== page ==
In our review a few weeks ago on the Double
Tap derringer, I made a brief mention that we would soon be
reviewing a single-shot 410/45 Colt pistol that is of the same
design, and that Heizer Defense "Pocket Shotgun" is
the subject of this review. I had seen and handled the Heizer
45/410 pistol before, but we only do reviews after we get to
spend some time firing the weapon, and the past few days have
been spent doing just that.
The "Pocket Shotgun" pistol is made
by Heizer Defense in Pevely, Missouri. The Heizer pistol is made
primarily of stainless steel. The pistol shown here is finished
in a matte black, but other various colors are available as
well. The machining, fit, and finish on this Pocket Shotgun are
flawless. The grip portion of the frame is textured with a
"HD" pattern for a secure grip, but is not aggressive
enough to be abrasive to the hand nor to clothing. The Heizer
pistol is thin, measuring less than three-quarters of an inch
thick at its widest point, making it the flattest 45 Colt/410
pistol on the market. This flat profile allows the pistol to be
carried in a pants pocket almost undetectably. The Heizer pistol
can fire any standard-pressure 45 Colt or any 2.5 inch 410
shotshell ammunition. The trigger pull on the Heizer pistol is
very smooth, with the resistance increasing until let-off at
just over ten pounds, but it feels more like seven pounds to me.
The edges on the pistol are rounded and smooth, much like a used
bar of soap, making the pistol completely snag-free.
specifications for the Heizer pistol are listed in the chart
below. The weight is listed in ounces, and linear measurements
in inches. The grip and frame widths were measured at their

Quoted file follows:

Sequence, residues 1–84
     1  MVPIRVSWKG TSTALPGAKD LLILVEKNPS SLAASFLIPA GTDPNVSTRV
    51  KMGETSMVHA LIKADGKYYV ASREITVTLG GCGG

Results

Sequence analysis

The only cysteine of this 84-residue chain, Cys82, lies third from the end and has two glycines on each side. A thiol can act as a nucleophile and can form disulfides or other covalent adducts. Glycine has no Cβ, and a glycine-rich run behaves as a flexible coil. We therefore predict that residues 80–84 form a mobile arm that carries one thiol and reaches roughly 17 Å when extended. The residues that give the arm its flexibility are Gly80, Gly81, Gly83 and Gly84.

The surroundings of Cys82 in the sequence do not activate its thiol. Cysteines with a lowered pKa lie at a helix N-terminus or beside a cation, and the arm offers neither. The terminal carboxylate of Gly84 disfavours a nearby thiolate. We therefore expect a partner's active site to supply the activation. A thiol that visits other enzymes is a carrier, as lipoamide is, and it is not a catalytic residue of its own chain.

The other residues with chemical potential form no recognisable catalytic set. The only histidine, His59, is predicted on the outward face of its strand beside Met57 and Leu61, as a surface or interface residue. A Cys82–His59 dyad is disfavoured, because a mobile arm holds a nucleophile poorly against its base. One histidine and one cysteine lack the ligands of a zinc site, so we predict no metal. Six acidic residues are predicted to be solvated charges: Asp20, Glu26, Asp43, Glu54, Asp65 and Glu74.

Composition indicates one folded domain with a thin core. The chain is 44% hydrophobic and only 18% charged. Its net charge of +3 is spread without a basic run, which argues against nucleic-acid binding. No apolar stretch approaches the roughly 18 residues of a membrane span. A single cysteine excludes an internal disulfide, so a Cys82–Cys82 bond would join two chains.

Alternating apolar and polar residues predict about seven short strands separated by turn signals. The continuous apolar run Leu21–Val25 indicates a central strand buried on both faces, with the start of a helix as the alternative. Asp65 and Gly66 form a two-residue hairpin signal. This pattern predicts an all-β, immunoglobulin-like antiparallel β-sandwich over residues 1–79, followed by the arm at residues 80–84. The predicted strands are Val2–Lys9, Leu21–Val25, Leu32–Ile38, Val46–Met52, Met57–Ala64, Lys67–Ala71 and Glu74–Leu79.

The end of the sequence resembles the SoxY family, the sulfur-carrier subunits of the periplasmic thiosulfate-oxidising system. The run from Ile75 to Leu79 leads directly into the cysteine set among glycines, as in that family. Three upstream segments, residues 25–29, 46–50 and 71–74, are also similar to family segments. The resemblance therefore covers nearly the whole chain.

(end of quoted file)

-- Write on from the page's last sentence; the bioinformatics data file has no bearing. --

widest points. The maximum width is measured across the
ambidextrous barrel latches. The double-action trigger pull on
the Pocket Shotgun stacks before releasing, but was very smooth
and reliable. The trigger pull is listed as pounds of
resistance, as measured on my Lyman digital scale, and
double-checked on my RCBS mechanical trigger pull scale.
||45 Colt and 410 Shotshell
|Maximum Grip Width
|Trigger Pull DA
|MSRP as of February 12, 2014
Shooting the Heizer pistol proved the weapon
to be very reliable. There were no failures to fire with any
type of ammunition tested, and the extractor never failed to
lift the fired cartridge case from the chamber, making for easy
extraction. The butt of the pistol has a storage compartment
that accommodates two 45 Colt cartridges, but extra 410
shotshells must be carried off the weapon, either in a pocket or
The Heizer pistol is very effective, and
patterns well, shooting 410 defensive shotshells from the seven
yard line. This pistol is built for up-close-and-personal
defense, and for that purpose, a load of 000 buckshot or the
combo Winchester PDX-1 load are good choices. For a pistol to
repel carjackers, this Heizer loaded with birdshot would be very
effective at arms-length. A face full of birdshot should make
anyone who jerks open a car door change his mind quickly. The